Air cargo demand in March outperforms pre-Covid levels; capacity recovers 5.6%
March demand reached the highest level recorded since the series began in 1990. Month-on-month demand also increased albeit at a slower pace than the previous month with volumes up 0.4 percent in March over February 2021 levels.
The International Air Transport Association (IATA) released March 2021 data for global air cargo markets showing that air cargo demand continued to outperform pre-Covid levels (March 2019) with demand up 4.4 percent. March demand reached the highest level recorded since the series began in 1990. Month-on-month demand also increased albeit at a slower pace than the previous month with volumes up 0.4 percent in March over February 2021 levels.
Because comparisons between 2021 and 2020 monthly results are distorted by the extraordinary impact of COVID-19, unless otherwise noted all comparisons to follow are to March 2019 which followed a normal demand pattern.
Global demand, measured in cargo tonne-kilometers (CTKs), was up 4.4 percent compared to March 2019 and 0.4 percent compared to February 2021. This was a slower rate of growth than the previous month, which saw demand increase 9.2 percent compared to February 2019. A weaker performance by Asia-Pacific and African carriers compared to February contributed to softer growth in March.
Global capacity, measured in available cargo tonne-kilometers (ACTKs), continued to recover in March, up 5.6 percent compared to the previous month. Despite this, capacity remans 11.7 percent below pre-COVID-19 levels (March 2019) due to the ongoing grounding of passenger aircraft. Airlines continue to use dedicated freighters to plug the lack of available belly-capacity. International capacity from dedicated freighters rose 20.6 percent in March 2021 compared to the same month in 2019 and belly-cargo capacity dropped by 38.4 percent.
Underlying economic conditions remain supportive for air cargo:
This is evidenced in the new export orders component of the manufacturing Purchasing Managers’ Index (PMI) which stood at 53.4 in March. Results above 50 indicate manufacturing growth versus the prior month.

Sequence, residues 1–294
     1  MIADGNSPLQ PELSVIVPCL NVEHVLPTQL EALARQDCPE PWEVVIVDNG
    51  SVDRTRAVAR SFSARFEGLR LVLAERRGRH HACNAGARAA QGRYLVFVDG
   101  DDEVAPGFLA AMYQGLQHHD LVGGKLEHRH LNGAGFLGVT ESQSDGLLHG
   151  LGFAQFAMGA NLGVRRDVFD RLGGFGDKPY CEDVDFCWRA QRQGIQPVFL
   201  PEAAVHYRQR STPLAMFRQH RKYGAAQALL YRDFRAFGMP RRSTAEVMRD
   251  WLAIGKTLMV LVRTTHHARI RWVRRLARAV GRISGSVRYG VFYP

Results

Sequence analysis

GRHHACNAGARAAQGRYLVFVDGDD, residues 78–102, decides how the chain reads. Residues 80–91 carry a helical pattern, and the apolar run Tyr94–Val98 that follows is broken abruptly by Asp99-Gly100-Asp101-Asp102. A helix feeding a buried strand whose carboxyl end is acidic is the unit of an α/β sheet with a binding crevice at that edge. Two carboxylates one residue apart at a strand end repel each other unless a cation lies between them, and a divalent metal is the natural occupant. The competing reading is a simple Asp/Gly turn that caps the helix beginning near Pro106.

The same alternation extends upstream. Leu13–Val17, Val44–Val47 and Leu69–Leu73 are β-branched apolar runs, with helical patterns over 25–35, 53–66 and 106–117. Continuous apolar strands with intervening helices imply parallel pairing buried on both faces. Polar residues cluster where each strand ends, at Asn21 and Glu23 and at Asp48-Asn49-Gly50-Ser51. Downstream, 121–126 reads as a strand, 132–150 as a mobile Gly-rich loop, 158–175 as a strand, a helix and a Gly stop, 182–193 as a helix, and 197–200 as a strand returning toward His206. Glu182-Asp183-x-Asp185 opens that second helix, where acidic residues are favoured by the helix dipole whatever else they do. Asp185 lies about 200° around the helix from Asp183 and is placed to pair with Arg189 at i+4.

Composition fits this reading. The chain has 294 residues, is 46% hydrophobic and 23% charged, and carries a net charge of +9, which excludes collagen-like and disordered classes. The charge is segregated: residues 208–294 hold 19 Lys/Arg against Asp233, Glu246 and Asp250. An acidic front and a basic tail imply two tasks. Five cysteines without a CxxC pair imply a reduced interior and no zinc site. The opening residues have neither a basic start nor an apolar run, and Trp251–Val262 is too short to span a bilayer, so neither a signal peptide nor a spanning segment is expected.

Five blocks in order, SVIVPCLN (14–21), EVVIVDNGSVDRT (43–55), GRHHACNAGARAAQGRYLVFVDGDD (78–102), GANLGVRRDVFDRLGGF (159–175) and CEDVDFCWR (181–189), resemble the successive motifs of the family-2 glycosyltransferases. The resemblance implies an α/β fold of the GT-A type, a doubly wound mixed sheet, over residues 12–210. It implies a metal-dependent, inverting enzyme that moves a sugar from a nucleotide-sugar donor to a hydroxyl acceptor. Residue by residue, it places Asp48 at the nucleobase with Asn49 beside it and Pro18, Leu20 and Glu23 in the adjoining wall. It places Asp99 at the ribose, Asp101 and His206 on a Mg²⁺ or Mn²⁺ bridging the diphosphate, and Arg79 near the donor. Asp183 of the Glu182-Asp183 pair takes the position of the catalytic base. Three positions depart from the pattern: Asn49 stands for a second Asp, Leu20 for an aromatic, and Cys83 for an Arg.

Demand for exports grew broadly in March. This was concentrated in developed countries during January and February.
Delivery times for manufactured goods are increasing which normally indicates increased demand for air cargo in efforts to recover time.
Global trade rose 0.3 percent in February – the ninth consecutive monthly increase and the longest continuous growth in more than two decades.
“Air cargo continues to be the bright spot for aviation. Demand reached an all-time high in March, up 4.4 percent compared to pre-COVID levels (March 2019). And airlines are taking all measures to find the needed capacity. The crisis has shown that air cargo can meet fundamental challenges by adopting innovations quickly. That is how it is meeting growing demand even as much of the passenger fleet remains grounded. The sector needs to retain this momentum post-crisis to drive the sector’s long-term efficiency with digitalization,” said Willie Walsh, IATA’s Director General.
March Regional Performance
Asia-Pacific airlines saw demand for international air cargo drop 0.3 percent in March 2021 compared to the same month in 2019. The slight weakness in performance compared to the previous month was seen on most of the trade lanes connected with Asia. International capacity remained constrained in the region, down 20.7 percent versus March 2019. The region’s airlines reported the highest international load factor at 78.4 percent.
North American carriers posted a 14.5 percent increase in international demand in March compared to March 2019. This strong performance reflects the strength of the economic recovery in the US. In Q1, US GDP rose by 6.4 percent in annualized terms, up from 4.3 percent in Q4 bringing the country’s economy close to pre-COVID levels. The business environment for air cargo remains supportive; the new export orders component of the PMI rose to its highest level since 2007. International capacity grew by 1.8 percent compared with March 2019.
European carriers posted a 0.7 percent increase in demand in March compared to the same month in 2019. Improved operating conditions and recovering export orders contributed to the positive performance. International capacity decreased by 17 percent in March 2021 versus March 2019.
Middle Eastern carriers posted a 9.2 percent rise in international cargo volumes in March 2021 versus March 2019. Month-on-month, Middle East carriers posted the strongest growth of all regions, up 4.4 percent. Of the region’s key international routes, Middle East-North America and Middle East-Asia have provided the most significant support, rising 28 percent and 17 percent respectively in March compared to March 2019. International capacity in March was down 12.4 percent compared to the same month in 2019.
Latin American carriers reported a decline of 23.6 percent in international cargo volumes in March compared to the 2019 period; this was the worst performance of all regions. Drivers of air cargo demand in Latin America remain relatively less supportive than in the other regions. International capacity decreased 46.0 percent compared with March 2019.
African airlines’ cargo demand in March increased 24.6 percent compared to the same month in 2019, the strongest of all regions. Robust expansion on the Asia-Africa trade lanes contributed to the strong growth. March international capacity decreased by 2.1 percent compared to March 2019.